The Institute of Race Relations thought the “NHI will bring increased fraud and corruption”.
The DA was concerned that “over R200-billion will be vulnerable to theft, lack of oversight and accountability”. The Western Cape government argued that vesting so much strategic purchasing power in one entity would make the NHI fund a target for corruption.
The Board of Healthcare Funders observed that “the bill is weak on corporate governance… sound corporate governance is critical for preventing mismanagement of assets, corruption, inefficiency, illegality, unethical conduct, abuse of the fund’s resources and the collapse of the fund”.
The South African Human Rights Council argued that “the NHI in its current form is complex and offers myriad opportunities for corruption and looting, particularly in areas where contracts are entered into”.
Section 27 and Concentric Alliance were concerned about how existing and proposed governance systems would engage, saying that the bill “concentrates too much power in the hands of the minister of health without providing the necessary oversight over the planned massive resources of the NHI”.
Cosatu said “the biggest contentious issue around the NHI is around the capability of the state to manage the NHI fund as well as the protection of the fund from unethical and unlawful practices in relation to the fund”. The DA, the FW de Klerk Foundation and the South African Medical Association agreed that, although they “endorse the envisaged corruption-fighting investigating unit [clause 20(2)e], it will be ineffective if the corruption develops within the NHI fund itself, as the unit will be unable to confront corruption from within”.
Mutual financial services company PPS and several other bodies felt that “without fixing the issue of corruption no system will be sustainable”, implying that the NHI should not be considered until corruption and other concerns are addressed.
There were broad recommendations for managing corruption. The South African Communist Party argued that “the NHI fund must have inbuilt mechanisms to fight corruption. This should include efforts to ensure greater transparency and accountability, including in the use of public funds and ensuring they are directed to those who need them most”.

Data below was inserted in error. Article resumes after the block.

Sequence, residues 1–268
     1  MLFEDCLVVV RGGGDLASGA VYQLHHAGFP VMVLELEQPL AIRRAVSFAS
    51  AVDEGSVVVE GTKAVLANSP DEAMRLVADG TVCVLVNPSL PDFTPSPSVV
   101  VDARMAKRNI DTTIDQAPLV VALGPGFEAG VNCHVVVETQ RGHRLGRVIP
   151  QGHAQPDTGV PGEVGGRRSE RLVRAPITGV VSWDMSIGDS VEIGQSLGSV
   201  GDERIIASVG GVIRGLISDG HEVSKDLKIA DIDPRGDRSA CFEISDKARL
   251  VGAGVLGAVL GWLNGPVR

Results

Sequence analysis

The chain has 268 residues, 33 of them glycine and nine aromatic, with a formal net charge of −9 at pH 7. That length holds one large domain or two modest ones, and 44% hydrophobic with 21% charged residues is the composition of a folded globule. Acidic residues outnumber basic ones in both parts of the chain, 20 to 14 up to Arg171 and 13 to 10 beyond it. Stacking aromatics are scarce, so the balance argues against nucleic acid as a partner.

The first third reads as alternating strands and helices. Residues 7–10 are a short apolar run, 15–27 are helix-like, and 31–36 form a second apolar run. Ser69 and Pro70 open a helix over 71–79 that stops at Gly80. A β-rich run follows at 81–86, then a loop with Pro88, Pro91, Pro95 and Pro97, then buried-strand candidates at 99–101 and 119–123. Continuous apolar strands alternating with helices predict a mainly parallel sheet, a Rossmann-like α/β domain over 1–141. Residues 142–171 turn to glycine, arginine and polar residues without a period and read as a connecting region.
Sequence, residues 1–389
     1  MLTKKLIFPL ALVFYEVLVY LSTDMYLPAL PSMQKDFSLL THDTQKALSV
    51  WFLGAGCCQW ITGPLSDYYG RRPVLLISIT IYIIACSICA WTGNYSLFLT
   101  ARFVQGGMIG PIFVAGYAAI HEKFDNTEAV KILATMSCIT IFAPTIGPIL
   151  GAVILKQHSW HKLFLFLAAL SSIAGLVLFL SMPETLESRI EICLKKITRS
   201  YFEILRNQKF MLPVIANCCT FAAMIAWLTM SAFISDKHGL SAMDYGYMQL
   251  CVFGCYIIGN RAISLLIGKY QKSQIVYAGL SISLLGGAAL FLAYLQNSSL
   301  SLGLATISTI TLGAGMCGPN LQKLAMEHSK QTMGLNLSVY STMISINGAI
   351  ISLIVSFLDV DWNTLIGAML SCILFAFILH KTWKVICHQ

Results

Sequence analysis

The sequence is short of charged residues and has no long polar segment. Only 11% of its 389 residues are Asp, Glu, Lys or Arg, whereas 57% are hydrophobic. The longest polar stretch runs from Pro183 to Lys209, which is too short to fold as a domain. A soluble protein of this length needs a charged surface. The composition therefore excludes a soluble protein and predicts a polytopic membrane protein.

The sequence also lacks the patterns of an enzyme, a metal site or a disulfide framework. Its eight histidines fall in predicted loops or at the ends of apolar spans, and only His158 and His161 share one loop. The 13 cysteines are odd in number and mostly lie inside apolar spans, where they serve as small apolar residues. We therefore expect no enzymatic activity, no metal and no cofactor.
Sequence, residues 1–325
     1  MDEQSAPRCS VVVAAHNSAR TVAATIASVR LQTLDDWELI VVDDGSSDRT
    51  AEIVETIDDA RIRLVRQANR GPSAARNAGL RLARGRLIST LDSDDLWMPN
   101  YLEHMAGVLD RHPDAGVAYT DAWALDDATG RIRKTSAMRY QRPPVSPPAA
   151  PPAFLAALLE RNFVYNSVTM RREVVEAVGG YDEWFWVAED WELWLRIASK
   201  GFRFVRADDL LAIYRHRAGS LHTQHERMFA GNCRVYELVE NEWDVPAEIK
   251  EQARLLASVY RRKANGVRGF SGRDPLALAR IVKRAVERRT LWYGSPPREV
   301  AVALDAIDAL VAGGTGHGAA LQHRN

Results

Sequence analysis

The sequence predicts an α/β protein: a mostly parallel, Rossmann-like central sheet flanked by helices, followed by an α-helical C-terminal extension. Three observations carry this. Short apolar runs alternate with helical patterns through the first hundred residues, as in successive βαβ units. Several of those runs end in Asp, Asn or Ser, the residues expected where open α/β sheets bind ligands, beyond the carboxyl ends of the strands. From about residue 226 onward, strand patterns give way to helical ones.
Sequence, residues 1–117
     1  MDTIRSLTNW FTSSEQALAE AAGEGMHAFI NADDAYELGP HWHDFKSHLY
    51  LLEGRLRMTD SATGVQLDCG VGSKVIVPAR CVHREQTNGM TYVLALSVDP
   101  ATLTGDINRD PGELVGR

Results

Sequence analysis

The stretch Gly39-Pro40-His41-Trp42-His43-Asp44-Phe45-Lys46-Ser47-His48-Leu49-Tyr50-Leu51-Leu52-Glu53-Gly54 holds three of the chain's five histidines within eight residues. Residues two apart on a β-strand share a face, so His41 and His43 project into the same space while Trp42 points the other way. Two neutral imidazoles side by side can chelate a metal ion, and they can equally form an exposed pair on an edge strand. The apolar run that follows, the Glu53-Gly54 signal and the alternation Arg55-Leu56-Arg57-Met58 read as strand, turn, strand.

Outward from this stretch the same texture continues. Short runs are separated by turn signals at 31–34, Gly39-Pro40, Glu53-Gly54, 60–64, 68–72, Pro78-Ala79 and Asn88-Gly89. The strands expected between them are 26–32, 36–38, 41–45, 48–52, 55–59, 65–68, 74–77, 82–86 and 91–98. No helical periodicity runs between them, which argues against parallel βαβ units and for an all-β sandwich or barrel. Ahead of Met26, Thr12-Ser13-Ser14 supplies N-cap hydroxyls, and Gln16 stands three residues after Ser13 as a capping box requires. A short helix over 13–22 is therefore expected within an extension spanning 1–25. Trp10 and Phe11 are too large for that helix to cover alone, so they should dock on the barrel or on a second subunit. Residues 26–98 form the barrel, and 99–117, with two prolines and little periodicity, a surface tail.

Calls for stronger governance structures, better management, greater accountability and greater enforcement of controls over corruption were made by the Public Health Association of South Africa, the Health Funders Association, PPS, the South African Human Rights Commission, the Cancer Association of South Africa and others.
Greater clarity was requested. The Psychological Society of South Africa called for clarification on the role of provincial departments relative to the Health Ministry, mechanisms the minister would use for NHI expenditure control, and the Health Ombud’s role.
Stellenbosch University sought clarity on the “fit and proper person” requirement for board members.
Accountability to Parliament, not minister
There were some specific recommendations. The South African Medical Research Council, UCT’s Faculty of Health, Icon Oncology and others proposed that the fund should be accountable to Parliament, not the minister, and the minister’s powers should be reduced. The Health Products Association of Southern Africa recommended that “Parliament should play an oversight role like it does with other Chapter 9 institutions”. The issues related to direct government oversight and the role of the Minister of Health are complex and have been examined elsewhere.
On the appointment of the board, Momentum medical scheme recommended using a judicial panel, while Business Unity South Africa advocated a parliamentary process, rather than ministerial discretion. The South African Committee of Health Sciences Deans proposed that “the person [board member] should not have a criminal record and should not have been convicted for fraud or corruption”.